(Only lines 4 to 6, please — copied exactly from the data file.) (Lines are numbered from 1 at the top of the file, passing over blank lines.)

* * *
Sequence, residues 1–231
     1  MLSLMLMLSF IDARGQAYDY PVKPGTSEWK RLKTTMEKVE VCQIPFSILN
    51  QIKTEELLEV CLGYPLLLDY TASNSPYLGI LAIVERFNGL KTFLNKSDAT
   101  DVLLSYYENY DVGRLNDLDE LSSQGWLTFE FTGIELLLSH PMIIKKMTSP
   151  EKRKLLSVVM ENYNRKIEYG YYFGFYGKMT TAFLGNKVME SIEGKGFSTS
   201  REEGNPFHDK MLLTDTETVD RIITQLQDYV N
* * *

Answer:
   101  DVLLSYYENY DVGRLNDLDE LSSQGWLTFE FTGIELLLSH PMIIKKMTSP
   151  EKRKLLSVVM ENYNRKIEYG YYFGFYGKMT TAFLGNKVME SIEGKGFSTS
   201  REEGNPFHDK MLLTDTETVD RIITQLQDYV N